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WA Full Custody or Parental Responsibility for Child Protection?

Discussion in 'Family Law Forum' started by Gudguhrl, 1 June 2015.

  1. Gudguhrl

    Gudguhrl Active Member

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    My husband and I wanted to have his daughter turning 9 this October 2015, for good since she was sexually abused by her mother's boyfriend cousin (the guy got charged and will go to court soon). We would like to know and get advice on what will happen and steps.

    Since then, the mother is fighting and will fight for her daughter she said and my husband and I will fight too. We are worried for her safety (daughter) since what happened. And it happened under the mother's care in her house and didn't know what is going on with her daughter and let other visitor to sleep over.

    Plus the mother keeps talking to the daughter on the phone we didn't know what they are talking and after that daughter doesn't want to come with that to come home and wants to stay with mum so our world is shattered we want her safe and her mum might be telling her things. What age can they choose to?

    Plus the mother said that the daughter wants to stay with her and it's her words not mine. In case that we would like to get the daughter and daughter and mum doesn't like but we are doing this for her safety what can we do? Shall we call the police or child protection department etc?
     
  2. AllForHer

    AllForHer Well-Known Member

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    First, let me say that I completely understand your position. Parenting matters are difficult at the best of times, and doubly so when a child has been sexually abused.

    However, it's also important not to blame the mother for what happened. The only person responsible for what happened is the person who committed the crime. It's a mistake to argue that you're somehow more concerned for the child's safety than the mother, or that you're more capable of knowing when someone's partner's cousin is a sexual predator, and it's a mistake to suggest the mother is not just as traumatised as you by the incident. That is her daughter, after all.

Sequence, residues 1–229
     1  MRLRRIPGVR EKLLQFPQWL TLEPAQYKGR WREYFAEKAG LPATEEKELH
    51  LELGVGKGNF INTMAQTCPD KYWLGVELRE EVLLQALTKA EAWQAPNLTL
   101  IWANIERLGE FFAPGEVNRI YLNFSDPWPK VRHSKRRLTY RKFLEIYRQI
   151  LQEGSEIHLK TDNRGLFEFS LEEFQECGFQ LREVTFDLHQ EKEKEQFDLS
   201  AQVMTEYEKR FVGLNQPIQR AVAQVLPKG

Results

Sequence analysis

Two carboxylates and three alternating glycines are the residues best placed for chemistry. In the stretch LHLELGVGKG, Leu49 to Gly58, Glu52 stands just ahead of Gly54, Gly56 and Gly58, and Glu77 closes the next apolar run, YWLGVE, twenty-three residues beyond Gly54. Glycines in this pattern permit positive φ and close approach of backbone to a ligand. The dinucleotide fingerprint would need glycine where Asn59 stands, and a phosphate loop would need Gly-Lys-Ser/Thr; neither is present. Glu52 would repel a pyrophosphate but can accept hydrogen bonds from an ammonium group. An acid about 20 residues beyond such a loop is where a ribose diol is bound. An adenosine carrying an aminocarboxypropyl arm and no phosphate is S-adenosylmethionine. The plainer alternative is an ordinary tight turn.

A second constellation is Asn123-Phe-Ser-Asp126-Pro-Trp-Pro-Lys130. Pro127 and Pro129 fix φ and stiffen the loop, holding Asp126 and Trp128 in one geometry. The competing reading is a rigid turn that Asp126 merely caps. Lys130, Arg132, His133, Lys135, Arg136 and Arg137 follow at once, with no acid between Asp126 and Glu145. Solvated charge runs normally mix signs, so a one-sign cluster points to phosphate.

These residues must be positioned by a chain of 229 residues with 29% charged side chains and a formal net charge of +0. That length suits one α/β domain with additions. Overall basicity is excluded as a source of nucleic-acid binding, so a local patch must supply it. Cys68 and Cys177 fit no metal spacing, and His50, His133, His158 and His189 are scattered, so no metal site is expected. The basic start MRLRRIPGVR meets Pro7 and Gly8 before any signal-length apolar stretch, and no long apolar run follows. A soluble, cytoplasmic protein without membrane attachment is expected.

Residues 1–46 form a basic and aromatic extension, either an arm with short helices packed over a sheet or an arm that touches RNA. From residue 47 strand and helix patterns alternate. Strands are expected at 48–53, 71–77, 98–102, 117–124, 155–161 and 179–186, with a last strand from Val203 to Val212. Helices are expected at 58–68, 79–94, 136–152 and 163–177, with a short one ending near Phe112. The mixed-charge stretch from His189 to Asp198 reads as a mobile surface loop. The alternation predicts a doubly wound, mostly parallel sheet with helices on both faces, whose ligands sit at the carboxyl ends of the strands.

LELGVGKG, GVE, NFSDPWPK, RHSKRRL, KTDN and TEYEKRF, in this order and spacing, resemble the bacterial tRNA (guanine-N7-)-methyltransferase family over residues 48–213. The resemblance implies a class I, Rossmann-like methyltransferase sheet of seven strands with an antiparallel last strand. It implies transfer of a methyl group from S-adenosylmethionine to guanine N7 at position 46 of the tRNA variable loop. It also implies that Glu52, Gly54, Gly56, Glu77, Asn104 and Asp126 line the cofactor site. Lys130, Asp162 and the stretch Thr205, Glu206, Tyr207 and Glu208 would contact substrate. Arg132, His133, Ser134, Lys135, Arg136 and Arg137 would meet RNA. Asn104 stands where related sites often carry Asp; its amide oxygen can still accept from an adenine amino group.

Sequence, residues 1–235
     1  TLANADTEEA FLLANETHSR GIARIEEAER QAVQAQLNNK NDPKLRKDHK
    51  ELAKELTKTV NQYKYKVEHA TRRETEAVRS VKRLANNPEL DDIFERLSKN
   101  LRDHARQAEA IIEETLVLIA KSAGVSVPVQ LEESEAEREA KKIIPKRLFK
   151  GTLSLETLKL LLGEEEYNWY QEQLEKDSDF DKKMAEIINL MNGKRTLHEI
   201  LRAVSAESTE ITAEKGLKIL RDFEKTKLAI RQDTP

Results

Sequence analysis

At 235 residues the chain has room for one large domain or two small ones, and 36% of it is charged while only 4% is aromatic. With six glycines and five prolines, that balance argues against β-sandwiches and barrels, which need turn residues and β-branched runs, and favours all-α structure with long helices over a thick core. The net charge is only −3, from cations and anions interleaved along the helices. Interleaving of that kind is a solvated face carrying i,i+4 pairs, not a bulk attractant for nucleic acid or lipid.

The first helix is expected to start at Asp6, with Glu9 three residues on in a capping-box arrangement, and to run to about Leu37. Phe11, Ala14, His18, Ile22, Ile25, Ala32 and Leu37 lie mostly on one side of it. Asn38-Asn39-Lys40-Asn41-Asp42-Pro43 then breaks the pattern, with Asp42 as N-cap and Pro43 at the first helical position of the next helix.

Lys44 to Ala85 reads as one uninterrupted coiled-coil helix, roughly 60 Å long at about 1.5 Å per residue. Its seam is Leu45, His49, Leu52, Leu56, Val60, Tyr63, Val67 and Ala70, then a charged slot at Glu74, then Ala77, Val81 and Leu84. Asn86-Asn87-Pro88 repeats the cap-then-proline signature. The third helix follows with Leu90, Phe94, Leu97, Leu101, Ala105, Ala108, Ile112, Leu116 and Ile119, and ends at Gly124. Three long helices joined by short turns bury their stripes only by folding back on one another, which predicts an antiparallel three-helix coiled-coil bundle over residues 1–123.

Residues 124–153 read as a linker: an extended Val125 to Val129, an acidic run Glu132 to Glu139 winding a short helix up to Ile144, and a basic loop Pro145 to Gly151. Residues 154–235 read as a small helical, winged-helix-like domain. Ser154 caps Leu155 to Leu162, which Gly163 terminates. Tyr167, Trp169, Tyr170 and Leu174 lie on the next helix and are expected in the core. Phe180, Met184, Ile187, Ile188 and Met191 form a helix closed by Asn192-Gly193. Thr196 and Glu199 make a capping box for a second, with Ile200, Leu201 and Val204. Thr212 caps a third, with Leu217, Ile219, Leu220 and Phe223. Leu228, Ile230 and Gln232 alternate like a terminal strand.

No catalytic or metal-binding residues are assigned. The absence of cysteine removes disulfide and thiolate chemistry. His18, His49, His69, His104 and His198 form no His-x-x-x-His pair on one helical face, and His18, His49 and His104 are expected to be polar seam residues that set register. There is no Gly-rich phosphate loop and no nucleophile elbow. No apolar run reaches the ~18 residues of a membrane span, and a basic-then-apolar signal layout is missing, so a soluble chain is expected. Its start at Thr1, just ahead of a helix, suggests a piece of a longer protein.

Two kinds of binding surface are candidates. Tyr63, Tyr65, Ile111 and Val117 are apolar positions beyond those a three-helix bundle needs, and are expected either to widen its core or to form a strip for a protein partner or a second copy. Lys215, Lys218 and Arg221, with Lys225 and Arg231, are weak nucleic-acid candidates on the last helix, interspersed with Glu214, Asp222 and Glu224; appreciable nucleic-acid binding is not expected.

At the end of the day, it's the child's needs that must take priority, and what the child needs right now is the love and support of her family. What she doesn't need is to be at the centre of a tug-o-war custody battle where she's asked to choose her loyalties.

    I doubt the father would win sole parental responsibility or residency simply because the mother is dating a person who has the misfortune of being related to a criminal. Further, it's important to understand that an attempt to eavesdrop on phone conversations between the mother and daughter may paint you in a negative light. At 9 years of age, as well, the child's opinion about the situation would likely be given some weight, though it's not until a child turns 12 that the court will give more weight to their opinion than most other provisions of section 60CC of the Family Law Act 1975. If the child is settled in her residence with her mother and there are no concerns for her care, welfare and development, the court would be unlikely to order a change of residence as it would disrupt her routine.

    If the father wants to pursue proceedings, however, the first step is family dispute resolution to try and reach agreement. If agreement can't be reached and mediator issues a section 60I certificate, then he can file an initiating application to the court for parenting orders. The court will only make orders deemed to be in the best interests of the child.

    I hope this provides some clarity about the situation.
     

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